Reg Unterseher was part of a crowd that gathered for a health care rally in Richland earlier this year.
It was cold outside, but Unterseher and others wanted to do something as the Affordable Care Act appeared headed for repeal.
At one point, “somebody said, ‘We should sing,’ ” Unterseher recalled. But no one could think of a song that fit the moment.
That won’t be the case any longer.
A new group, called Justice Choir, is starting across the country, and there’s now a chapter in the Tri-Cities.
Justice Choir aims to “further social and environmental justice movements by engaging communities in singing together,” its website says.
That could mean lifting up voices at rallies or vigils, in office buildings or churches, in halls of capitols and Congress.
We no longer have the option to sit in front of our TVs and (observe).
The first local Justice Choir gathering is at 3:30 p.m. Saturday at Shalom United Church of Christ, 505 McMurray St., Richland.
Attendees will learn songs from the Justice Choir Songbook — a mix of newly composed tunes and some familiar ones, such as We Shall Overcome.
Auditions won’t be held and no commitment is required; people should “just come and sing,” Unterseher said.
Unterseher is an acclaimed composer and performer. He penned a tune for the Justice Choir Songbook, called We Are Rising Up.
It’s unclear exactly what shape the local Justice Choir will take, he said. The first gathering will be a chance to learn songs and get a feel for a path forward.
“One of the things we’ll talk about is, ‘what do we want this to turn into,’ ” Unterseher said.
The Justice Choir movement got off the ground earlier this year, with chapters springing up in cities from Minneapolis to Detroit, San Diego and Port Townsend.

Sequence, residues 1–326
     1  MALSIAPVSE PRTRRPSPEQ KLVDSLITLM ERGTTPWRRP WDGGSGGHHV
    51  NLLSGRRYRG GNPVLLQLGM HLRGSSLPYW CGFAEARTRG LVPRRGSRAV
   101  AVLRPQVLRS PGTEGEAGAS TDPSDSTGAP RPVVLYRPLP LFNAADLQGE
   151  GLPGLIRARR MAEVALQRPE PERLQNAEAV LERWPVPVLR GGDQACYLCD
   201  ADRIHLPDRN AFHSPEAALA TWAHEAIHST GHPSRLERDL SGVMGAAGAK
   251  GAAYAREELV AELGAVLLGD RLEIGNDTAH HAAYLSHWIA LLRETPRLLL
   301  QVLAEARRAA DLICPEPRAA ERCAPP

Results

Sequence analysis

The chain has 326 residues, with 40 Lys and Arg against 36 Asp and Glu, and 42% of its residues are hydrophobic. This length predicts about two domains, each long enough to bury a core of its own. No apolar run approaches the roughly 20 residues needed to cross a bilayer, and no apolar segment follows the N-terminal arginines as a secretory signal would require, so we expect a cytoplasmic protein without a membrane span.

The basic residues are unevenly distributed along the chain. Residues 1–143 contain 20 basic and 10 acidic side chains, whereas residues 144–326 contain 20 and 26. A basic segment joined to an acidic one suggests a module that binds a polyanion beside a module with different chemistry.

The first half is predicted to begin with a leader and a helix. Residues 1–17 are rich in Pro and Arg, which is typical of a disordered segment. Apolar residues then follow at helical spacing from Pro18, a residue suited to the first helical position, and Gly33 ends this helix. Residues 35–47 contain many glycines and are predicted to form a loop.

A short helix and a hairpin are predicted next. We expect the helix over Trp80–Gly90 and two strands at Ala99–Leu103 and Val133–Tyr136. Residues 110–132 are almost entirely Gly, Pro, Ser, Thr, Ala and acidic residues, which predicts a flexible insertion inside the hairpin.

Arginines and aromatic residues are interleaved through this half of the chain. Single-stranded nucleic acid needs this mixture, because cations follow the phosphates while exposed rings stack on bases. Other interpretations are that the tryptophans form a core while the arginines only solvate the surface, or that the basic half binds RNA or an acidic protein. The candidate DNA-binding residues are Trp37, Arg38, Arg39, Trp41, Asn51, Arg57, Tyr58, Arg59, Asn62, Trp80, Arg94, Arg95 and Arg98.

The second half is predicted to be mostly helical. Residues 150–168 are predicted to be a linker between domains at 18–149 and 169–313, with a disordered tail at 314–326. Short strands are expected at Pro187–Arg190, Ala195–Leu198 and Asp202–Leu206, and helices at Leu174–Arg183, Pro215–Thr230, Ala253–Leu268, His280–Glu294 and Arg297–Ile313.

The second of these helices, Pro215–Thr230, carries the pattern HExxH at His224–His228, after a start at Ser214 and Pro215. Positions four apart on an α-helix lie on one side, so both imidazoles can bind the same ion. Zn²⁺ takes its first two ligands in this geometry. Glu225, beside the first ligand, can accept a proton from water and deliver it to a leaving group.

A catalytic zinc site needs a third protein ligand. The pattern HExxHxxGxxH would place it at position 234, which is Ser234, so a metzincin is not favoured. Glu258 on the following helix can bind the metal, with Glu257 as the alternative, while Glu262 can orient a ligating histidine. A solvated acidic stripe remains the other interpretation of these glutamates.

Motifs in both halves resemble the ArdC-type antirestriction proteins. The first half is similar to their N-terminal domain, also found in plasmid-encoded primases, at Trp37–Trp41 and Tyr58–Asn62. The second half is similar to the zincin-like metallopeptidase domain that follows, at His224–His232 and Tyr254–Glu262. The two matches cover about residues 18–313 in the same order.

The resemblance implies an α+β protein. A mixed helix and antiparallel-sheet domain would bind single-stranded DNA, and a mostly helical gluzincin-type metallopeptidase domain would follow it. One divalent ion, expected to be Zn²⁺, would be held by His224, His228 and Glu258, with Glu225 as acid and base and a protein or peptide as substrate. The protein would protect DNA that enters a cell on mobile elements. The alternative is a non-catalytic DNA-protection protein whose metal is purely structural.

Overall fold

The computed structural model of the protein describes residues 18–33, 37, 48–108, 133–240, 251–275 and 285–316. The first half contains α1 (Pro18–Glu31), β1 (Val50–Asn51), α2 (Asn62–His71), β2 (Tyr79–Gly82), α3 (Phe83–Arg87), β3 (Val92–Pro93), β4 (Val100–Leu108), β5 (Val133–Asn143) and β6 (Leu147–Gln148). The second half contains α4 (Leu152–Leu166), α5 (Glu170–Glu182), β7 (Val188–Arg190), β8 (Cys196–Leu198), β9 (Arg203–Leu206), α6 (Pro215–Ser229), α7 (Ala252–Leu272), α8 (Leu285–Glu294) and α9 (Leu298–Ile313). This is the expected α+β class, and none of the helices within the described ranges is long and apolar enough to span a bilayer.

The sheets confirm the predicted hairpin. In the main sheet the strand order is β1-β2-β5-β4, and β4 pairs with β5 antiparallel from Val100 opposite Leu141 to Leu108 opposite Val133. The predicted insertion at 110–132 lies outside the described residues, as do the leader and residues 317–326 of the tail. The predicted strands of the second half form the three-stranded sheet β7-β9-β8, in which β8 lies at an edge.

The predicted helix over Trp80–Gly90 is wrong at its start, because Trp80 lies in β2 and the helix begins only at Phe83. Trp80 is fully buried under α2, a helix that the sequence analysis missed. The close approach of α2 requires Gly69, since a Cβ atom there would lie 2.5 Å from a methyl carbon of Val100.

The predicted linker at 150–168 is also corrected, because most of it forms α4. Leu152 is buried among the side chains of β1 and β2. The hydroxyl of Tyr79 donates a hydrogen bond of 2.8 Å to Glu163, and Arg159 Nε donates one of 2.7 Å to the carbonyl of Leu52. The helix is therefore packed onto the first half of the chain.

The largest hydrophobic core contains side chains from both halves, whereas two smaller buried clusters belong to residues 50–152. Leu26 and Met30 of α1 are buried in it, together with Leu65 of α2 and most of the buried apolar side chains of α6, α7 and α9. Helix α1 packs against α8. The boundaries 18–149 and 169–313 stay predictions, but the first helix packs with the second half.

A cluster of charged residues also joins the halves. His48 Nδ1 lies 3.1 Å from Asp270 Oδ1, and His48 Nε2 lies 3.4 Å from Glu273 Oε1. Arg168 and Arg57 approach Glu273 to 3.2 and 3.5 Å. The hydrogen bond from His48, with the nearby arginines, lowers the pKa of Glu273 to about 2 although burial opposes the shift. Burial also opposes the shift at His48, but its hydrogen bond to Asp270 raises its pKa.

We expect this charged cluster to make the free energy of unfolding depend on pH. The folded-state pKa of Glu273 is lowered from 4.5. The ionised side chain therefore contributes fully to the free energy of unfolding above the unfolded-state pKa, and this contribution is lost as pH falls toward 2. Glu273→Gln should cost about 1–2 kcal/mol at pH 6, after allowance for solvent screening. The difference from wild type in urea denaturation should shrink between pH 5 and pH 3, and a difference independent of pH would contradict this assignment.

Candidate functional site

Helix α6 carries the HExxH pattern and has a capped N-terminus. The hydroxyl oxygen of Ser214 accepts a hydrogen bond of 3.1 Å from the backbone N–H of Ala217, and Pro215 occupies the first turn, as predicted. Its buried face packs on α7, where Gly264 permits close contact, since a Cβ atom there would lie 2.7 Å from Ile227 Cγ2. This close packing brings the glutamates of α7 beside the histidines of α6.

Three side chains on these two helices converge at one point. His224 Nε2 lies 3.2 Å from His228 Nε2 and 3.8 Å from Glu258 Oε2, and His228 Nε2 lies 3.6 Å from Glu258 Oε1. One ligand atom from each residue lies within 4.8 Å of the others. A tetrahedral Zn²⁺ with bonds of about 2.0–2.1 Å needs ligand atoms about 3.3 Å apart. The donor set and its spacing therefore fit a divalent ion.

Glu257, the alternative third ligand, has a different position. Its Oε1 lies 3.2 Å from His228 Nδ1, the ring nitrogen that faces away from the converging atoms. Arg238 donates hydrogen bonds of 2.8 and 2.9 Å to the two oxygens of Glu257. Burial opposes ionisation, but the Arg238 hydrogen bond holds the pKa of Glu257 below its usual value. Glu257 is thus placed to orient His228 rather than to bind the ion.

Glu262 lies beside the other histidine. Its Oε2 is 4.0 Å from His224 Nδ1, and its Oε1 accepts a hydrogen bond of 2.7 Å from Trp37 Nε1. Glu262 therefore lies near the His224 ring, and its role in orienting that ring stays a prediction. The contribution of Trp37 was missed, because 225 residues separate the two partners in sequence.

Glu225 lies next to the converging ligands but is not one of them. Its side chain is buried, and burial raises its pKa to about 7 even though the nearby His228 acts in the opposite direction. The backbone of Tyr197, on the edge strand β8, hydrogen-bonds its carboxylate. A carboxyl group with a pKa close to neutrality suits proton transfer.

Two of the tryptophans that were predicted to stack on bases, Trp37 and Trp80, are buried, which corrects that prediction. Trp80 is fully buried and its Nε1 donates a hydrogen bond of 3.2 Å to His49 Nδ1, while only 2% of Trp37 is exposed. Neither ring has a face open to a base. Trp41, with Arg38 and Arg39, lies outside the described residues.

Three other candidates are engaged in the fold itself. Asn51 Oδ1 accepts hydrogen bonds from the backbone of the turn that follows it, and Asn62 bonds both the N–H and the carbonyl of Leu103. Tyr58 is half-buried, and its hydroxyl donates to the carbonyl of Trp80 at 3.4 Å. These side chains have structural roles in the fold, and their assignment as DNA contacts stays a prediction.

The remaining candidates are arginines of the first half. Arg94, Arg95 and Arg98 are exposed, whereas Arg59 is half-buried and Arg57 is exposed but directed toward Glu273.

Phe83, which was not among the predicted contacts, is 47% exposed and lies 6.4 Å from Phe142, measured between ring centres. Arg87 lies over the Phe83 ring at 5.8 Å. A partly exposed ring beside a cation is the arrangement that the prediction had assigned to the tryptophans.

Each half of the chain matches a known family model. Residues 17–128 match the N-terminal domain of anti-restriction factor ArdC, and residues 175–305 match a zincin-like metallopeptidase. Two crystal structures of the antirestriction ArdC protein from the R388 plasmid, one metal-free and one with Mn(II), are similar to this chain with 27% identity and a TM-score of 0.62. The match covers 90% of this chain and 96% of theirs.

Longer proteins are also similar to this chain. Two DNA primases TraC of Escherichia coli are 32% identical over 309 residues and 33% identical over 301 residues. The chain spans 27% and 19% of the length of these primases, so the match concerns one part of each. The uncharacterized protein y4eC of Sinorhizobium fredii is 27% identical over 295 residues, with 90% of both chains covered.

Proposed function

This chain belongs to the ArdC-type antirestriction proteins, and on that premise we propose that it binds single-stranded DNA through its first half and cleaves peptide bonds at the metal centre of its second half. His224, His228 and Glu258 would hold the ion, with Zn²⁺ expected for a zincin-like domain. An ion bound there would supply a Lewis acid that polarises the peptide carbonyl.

It’s part of a long tradition of music used in protest and demonstration, from the Civil Rights Movement to the fight in South Africa against apartheid.
That’s what it’s about — it’s about getting started.
“Singing is speaking in one voice, together,” and there’s enormous power in it, Unterseher said.
With Justice Choir, “it’s not about a political party, but it is people who believe in justice for marginalized people, for everyone in our communities,” he said.
“In the last year, I’ve seen more and more come under attack. Attacks on LBTQ people, attacks on immigrants, the rise of white supremacy in the U.S. Those of us who are the vast majority (and don’t believe or act that way) — we have to stand up. We no longer have the option to sit in front of our TVs and (observe). We have to do something.”
Unterseher hopes to see a good turnout at Saturday’s gathering.
“We hope people will come out, anybody who can. We’ll get started,” he said. “That’s what it’s about — it’s about getting started.”
To stay up to date on the local Justice Choir, go to facebook.com/JusticeChoirTriCities.